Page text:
*   For the obvious reasons.
*/
public Object get(int i) {
return objects[i];
} // get(int)

/**
* Get the number of elements in the array.
*/
public int size() {
return objects.length;
} // size()

// +-----------+-----------------------------------------------
// | Modifiers |
// +-----------+

/**
* Set the ith element of the array.
*
* @exception ArrayIndexOutOfBoundsException
*   For the obvious reasons.
*/
public void set(int i, Object value) {
objects[i] = value;
} // set(int, Object)

/**
* Swap the ith and jth elements of the array.
* Included because it's commonly used during sorting.
*/
public void swap(int i, int j) {
Object temp = objects[i];
objects[i] = objects[j];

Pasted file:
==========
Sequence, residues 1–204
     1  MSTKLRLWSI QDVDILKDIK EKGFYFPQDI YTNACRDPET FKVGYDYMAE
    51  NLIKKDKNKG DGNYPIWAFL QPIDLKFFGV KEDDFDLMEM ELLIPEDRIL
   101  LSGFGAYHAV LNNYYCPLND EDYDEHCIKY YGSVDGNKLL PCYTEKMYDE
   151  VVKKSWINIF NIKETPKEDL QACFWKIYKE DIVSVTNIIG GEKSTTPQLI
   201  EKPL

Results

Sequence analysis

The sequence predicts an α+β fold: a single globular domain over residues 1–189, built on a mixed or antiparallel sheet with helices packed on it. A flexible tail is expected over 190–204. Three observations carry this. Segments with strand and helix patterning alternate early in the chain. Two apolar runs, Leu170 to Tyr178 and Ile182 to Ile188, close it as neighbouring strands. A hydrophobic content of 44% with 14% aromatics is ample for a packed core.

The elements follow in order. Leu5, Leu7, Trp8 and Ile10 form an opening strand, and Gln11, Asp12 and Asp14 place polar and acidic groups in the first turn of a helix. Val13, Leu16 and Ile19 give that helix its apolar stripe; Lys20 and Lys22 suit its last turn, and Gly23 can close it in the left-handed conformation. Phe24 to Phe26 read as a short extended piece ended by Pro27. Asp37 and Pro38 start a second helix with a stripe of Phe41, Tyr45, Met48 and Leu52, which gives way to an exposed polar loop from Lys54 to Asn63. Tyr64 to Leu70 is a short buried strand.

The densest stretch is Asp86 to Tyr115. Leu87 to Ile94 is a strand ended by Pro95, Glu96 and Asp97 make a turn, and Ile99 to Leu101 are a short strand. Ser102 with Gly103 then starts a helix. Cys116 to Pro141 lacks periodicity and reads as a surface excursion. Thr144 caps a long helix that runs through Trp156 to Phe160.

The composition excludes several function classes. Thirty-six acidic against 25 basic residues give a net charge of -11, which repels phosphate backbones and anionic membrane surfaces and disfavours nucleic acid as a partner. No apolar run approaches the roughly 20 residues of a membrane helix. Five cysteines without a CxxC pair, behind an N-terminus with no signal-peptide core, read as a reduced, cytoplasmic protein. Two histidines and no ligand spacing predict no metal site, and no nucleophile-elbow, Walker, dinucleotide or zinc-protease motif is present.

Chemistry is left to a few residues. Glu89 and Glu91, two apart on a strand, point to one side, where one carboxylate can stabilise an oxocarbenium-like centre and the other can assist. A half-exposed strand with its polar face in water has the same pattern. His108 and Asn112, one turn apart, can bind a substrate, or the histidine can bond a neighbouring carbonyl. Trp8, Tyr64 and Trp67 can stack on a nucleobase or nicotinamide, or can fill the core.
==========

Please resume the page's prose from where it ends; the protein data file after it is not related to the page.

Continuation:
objects[j] = temp;
} // swap(int,int)

} // class Array

```
• Here's the corresponding interface.
```
import Comparator;
import IncomparableException;

/**
* Things that you can tell to sort themselves.
*/
public interface Sortable {
/**
* Sort the contents of the thing using a comparator
* to compare elements.
* Pre: The elements can be compared.
* Post: The elements are sorted.  Each element is no greater
*   the the next element.
* Post: No elements are added or deleted.
*
* @exception IncomparableException
*   if there are pairs of elements that cannot be compared.
*/
public void sort(Comparator compare)
throws IncomparableException;
} // Sortable()

```

## History

Tuesday, 18 January 2000

• Created as a blank outline.

Monday, 6 March 2000

Tuesday, 7 March 2000

• Added insertion sort (covered in class, but not originally in the outline).

Back to Project Discussion: Specifications. On to Some Sorting Algorithms.

Disclaimer Often, these pages were created "on the fly" with little, if any, proofreading. Any or all of the information on the pages may be incorrect. Please contact me if you notice errors.